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Surgical management of native valve endocarditis.
  1. T Raychaudhury,
  2. A Faichney,
  3. E W Cameron,
  4. P R Walbaum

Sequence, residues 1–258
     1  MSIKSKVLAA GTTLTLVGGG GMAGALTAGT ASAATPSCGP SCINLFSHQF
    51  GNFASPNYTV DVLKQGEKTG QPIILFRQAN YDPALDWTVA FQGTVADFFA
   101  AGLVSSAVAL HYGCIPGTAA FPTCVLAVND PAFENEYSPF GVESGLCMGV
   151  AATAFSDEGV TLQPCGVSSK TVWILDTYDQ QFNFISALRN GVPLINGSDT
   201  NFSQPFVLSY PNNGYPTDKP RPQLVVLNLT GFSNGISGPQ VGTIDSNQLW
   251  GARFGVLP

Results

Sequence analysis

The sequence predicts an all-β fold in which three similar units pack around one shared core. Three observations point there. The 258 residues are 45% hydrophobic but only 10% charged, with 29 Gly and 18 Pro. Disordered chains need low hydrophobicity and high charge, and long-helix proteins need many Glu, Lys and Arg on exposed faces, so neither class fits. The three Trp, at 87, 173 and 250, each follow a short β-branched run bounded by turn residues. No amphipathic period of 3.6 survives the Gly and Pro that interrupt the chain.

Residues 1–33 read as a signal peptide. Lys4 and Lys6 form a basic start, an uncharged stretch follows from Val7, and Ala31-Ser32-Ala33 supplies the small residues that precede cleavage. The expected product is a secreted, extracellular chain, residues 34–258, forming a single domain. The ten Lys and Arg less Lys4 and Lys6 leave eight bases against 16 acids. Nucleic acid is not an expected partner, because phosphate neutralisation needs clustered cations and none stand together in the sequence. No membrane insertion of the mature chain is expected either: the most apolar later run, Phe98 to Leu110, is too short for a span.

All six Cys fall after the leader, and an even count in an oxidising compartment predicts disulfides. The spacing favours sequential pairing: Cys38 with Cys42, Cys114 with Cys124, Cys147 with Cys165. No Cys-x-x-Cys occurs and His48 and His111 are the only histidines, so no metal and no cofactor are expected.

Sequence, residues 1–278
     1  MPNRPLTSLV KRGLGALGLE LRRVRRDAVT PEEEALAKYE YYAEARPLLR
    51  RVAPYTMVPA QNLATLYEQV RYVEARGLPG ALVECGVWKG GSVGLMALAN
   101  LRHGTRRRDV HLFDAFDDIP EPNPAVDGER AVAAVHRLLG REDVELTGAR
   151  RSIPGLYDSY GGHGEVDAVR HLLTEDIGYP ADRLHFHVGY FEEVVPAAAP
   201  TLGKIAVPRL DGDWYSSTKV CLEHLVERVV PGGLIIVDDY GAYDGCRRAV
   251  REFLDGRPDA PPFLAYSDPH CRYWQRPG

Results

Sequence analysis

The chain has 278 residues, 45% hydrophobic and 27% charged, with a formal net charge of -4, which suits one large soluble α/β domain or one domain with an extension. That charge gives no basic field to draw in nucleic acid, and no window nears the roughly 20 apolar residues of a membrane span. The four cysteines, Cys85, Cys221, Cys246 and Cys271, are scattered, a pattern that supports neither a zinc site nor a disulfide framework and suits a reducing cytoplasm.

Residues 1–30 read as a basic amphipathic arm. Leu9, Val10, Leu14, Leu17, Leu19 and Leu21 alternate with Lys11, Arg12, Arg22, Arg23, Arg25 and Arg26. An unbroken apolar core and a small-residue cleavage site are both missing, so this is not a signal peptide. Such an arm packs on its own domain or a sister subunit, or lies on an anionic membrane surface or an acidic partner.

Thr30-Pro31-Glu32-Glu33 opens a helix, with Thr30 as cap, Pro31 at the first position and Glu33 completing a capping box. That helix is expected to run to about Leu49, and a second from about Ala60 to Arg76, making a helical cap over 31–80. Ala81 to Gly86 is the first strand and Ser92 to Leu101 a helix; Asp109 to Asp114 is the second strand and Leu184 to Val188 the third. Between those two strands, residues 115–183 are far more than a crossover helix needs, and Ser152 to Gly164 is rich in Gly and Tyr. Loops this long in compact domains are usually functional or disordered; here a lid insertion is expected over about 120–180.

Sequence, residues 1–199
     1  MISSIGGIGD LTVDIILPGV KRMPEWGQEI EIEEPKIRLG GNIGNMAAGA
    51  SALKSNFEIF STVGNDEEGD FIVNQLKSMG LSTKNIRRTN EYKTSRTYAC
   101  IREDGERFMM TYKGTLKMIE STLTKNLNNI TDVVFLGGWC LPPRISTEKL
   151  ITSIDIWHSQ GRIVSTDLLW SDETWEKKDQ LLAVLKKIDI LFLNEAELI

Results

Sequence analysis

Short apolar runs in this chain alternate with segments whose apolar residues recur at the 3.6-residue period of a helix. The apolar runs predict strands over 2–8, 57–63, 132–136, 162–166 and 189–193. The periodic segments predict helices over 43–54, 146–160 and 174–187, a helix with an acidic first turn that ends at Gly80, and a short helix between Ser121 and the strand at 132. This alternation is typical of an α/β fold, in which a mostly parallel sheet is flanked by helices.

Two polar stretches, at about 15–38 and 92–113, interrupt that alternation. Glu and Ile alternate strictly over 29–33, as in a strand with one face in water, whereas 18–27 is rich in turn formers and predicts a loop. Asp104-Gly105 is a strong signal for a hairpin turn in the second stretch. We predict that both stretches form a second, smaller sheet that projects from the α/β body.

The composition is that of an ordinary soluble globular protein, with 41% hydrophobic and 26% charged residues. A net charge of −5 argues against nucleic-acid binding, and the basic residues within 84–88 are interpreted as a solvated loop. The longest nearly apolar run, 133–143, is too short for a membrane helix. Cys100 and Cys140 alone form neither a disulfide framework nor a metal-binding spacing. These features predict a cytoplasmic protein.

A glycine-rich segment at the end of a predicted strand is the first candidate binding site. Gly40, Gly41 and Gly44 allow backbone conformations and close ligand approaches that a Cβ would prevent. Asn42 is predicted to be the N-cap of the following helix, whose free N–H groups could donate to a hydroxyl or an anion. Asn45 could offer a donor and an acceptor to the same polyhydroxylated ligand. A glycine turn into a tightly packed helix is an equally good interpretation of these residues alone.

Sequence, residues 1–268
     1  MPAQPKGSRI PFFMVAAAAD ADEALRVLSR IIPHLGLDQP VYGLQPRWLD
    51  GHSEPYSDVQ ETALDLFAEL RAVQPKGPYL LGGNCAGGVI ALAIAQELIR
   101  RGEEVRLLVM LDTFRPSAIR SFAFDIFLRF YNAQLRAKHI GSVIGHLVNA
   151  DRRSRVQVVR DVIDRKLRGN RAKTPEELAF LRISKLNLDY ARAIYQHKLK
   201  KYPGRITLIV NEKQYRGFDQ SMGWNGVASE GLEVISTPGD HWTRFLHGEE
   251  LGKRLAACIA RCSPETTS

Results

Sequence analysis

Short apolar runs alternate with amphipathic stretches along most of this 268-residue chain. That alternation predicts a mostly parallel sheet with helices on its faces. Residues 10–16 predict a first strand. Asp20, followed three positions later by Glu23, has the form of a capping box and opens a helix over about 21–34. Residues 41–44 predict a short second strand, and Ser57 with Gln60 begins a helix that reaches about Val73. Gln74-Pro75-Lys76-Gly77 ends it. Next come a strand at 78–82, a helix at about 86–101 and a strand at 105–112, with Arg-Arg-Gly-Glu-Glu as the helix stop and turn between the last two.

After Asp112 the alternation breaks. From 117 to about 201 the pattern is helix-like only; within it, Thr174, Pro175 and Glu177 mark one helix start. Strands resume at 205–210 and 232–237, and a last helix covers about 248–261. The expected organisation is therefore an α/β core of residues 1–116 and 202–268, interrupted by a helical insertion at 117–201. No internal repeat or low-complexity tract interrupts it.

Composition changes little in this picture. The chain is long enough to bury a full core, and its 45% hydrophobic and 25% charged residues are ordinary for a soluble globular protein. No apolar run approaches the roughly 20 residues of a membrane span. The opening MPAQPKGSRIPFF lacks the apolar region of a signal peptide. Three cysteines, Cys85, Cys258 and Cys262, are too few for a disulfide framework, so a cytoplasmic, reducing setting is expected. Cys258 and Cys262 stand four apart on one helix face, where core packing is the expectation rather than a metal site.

From 1972 to 1981 40 patients have required urgent valve replacement for left-sided bacterial endocarditis. The aortic valve was replaced in 31 patients, the mitral valve in four, and both in five patients. Twenty-six patients (65.5%) were in functional class IV heart failure according to the New York Heart Association criteria, and 13 patients (32.5%) were in class III heart failure at the time of operation. One patient in class II was operated on urgently for multiple cerebral embolism but died of fatal cerebral haemorrhage. In 22 patients (55%) there were no pre-existing valvular lesions and these patients were found to be more liable to develop severe haemodynamic failure. Premature closure of the mitral valve, documented by M-mode echocardiography, was a useful diagnostic aid and successfully determined the best timing of surgery in 14 out of 20 patients with severe aortic regurgitation. Cardiac arrest before operation appeared to be a significant risk factor (p = 0.0015) unless followed by immediate cardiopulmonary bypass. There were eight operative deaths (20%). Of 26 patients who were in functional class IV heart failure, 19 were operated on within four days of their haemodynamic deterioration and all survived. The operation was delayed in the remaining seven patients and none of them survived (p = 0.000003). There were no operative deaths among the patients in class III heart failure. There was only one episode of reinfection in the 16 patients followed up for at least three years. The duration of postoperative antibiotic treatment (four to six weeks in our patients), rather than any preoperative antibiotic regimen, seems to be important for preventing reinfection. At present there are 28 survivors, of whom 24 are in functional class I and four in class II.

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